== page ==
By David DeKok
HARRISBURG Pa. (Reuters) - Pennsylvania's governor granted a reprieve to a condemned murderer on death row on Friday because the state did not have the drugs needed to put him to death.
Governor Tom Corbett granted the temporary reprieve for Hubert Michael, 58, who was scheduled for execution by lethal injection on Sept. 22 for the 1994 murder of 16-year-old Trista Eng.
"Today's signing of the temporary reprieve was necessary to allow the Department of Corrections to complete its acquisition of the injection agents required to carry out lethal injection as mandated by Pennsylvania law," the governor's office said.
Botched executions in Oklahoma and other states have been blamed on a new drug combination used to replace traditional execution drugs in short supply after various manufacturers, especially in Europe, refused to supply prisons because they oppose capital punishment.
After a years-long court battle over Michael's fate, Corbett in July had signed a fourth warrant for execution, setting the date for Sept. 22. But soon afterwards, the 3rd U.S. Circuit Court of Appeals issued a stay of execution. Since the stay could be lifted at any time, Corbett acted on Friday to halt the process until the drugs can be obtained.
He vowed to sign a fifth warrant for execution once the drugs are in hand.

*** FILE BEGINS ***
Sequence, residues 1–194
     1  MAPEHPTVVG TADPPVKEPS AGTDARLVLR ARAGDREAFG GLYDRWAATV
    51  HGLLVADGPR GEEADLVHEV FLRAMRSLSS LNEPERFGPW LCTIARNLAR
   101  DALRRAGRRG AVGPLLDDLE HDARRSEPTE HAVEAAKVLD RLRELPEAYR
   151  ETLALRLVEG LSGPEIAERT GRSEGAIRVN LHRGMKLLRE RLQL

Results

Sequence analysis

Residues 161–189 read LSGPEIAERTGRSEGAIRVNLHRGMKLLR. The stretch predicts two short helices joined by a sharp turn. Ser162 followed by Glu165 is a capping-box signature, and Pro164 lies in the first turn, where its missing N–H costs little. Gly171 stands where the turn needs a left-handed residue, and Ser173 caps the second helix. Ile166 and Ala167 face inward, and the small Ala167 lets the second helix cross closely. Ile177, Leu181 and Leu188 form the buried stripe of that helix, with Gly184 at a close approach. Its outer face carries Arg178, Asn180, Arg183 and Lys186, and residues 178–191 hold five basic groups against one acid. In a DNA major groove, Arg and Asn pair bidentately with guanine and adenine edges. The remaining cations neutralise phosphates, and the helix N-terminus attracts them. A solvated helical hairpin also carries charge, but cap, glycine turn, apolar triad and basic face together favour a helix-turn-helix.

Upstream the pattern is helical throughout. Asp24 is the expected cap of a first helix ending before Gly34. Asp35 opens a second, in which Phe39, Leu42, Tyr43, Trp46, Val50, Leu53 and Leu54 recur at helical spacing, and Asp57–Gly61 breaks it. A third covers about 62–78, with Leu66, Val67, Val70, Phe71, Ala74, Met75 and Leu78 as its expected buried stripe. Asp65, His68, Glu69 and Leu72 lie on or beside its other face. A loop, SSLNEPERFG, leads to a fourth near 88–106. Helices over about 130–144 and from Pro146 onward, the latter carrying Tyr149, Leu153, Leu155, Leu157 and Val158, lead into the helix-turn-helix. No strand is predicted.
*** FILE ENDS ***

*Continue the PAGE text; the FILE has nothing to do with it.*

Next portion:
"I am committed to carrying out the sentence of the court and giving Trista Eng and her family the justice they deserve," Corbett said in the statement.
Eng was kidnapped after Michael offered her a ride while she was walking to her summer job at a fast-food restaurant in Dillsburg, Pennsylvania.
Drug manufacturer Hospira has cut off supplies of sodium thiopental, which had been used as a sedative in a three-drug cocktail for U.S. executions. States then turned to pentobarbital, but Danish manufacturer Lunbeck has asked its U.S. distributor not to allow the drug to be used in executions, according to Richard Dieter, executive director of the Death Penalty Information Center.
Pennsylvania corrections officials have been unable to obtain supplies of sodium pentobarbitol, used to render the condemned prisoner unconscious, pancuronium bromide, which stops breathing, and potassium chloride, which stops the heart, said department spokeswoman Susan McNaughton.
Lawsuits were filed against the corrections department this week, one by Michael’s lawyers, who object to changes in the three-drug protocol, and another by the American Civil Liberties Union and several newspapers, which demand to know the source of the new execution drug combination.
McNaughton would not comment on the lawsuits.
(Editing by Barbara Goldberg)